Either way, the humour stems from how easily the brain is fooled- leaving the listener both surprised and amused at quite how genuinely (the majority of) what we hear there seems to match precisely to written words, that are clearly altogether inappropriate to a church hymn. Again, listen without looking at the subtitles and you simply won't be likely to mishear in the same way. You'll just hear very muffled singing, scarcely any of which either suggests the made up words or even gives much hope of deciphering the real ones. Expectation is what specifically determines how severely we mishear in this way. The unconscious part of the brain literally distorts what the ears perceive- producing a sound that has been altered in order to align itself to expectation. But the hearing itself SEEMS objective- we don't in any way perceive the fact that the aural information is effectively being "doctored", in order to create our impression. We experience the dubiously interpreted version as if it were nothing more than the original raw data that comes via the ear.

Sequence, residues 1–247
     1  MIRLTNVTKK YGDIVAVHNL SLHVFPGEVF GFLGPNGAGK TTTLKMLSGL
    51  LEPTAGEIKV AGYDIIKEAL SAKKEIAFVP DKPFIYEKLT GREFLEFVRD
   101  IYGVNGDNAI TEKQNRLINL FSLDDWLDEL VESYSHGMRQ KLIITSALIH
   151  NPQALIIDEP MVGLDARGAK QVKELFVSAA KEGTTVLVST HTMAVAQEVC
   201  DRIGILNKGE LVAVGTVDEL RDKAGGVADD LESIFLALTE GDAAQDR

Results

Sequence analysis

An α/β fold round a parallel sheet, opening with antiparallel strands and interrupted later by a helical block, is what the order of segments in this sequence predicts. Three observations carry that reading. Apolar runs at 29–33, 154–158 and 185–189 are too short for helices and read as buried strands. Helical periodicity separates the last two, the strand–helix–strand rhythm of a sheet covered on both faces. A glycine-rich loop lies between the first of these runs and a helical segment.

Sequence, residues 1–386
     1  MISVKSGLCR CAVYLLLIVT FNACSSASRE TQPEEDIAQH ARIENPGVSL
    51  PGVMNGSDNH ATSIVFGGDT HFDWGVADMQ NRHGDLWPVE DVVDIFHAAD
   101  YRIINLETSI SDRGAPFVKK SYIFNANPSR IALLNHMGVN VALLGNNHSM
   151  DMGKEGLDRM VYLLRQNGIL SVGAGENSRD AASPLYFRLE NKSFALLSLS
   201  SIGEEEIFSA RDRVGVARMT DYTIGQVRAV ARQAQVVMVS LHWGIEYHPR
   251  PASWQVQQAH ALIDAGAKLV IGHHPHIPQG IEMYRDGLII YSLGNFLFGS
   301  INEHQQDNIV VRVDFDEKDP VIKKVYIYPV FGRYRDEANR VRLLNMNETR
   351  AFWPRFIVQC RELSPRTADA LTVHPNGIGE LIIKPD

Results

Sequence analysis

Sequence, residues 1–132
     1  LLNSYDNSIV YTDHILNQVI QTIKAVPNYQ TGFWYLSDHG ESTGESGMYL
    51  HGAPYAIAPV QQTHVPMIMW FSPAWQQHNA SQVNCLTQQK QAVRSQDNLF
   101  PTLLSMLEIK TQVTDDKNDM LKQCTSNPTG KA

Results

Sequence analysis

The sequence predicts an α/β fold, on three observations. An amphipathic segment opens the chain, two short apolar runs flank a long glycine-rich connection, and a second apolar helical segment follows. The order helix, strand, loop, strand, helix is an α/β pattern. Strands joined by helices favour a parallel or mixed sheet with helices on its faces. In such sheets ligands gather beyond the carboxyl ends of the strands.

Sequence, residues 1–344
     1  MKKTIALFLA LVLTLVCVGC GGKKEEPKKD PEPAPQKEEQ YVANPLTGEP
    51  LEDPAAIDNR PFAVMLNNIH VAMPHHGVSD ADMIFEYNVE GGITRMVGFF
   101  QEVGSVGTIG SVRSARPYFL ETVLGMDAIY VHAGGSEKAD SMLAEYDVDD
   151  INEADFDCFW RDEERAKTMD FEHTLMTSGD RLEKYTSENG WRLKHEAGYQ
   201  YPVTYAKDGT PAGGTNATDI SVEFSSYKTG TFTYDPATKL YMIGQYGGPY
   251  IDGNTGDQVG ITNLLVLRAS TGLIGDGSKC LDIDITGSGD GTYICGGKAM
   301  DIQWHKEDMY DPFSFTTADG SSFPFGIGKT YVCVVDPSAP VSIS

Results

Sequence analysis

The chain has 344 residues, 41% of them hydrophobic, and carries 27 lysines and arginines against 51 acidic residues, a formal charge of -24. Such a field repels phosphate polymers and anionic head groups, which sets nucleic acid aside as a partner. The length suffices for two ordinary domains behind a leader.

So, let's bring this back to the musical issues that I started out on. It should be pretty clear by now how significantly this objectively proven phenomenon might be expected to influence how we "hear" music. Consider those performers who hear something wonderful in their head- for example, a beautiful full-bodied singing tone that rings out all the way to the back of a hall. It's not hard to put such an image in your head, particularly if you've spent much time listening to such phenomenal artists as Emil Gilels or Alfred Cortot. All the better still if you're also acquainted with the real deal, through such great singers as Callas or Caruso.  But does that internal image of how you want to sound necessarily translate into execution of that sound? Or does it translate into an example of the same phenomenon? What if the internal intention for the sound is truly wonderful, but a level of expectation distorts the accuracy of listening? The brain could quite feasibly succeed in turning something relatively dull and ordinary into the experience of hearing something rich and colourful. Could it allow even a pianist who thumps the piano like he's trying to tenderise a steak to "hear" a beautifully rich vocal cantabile? I honestly think that the level of delusion created by a strong internal expectation could potentially go so far as that.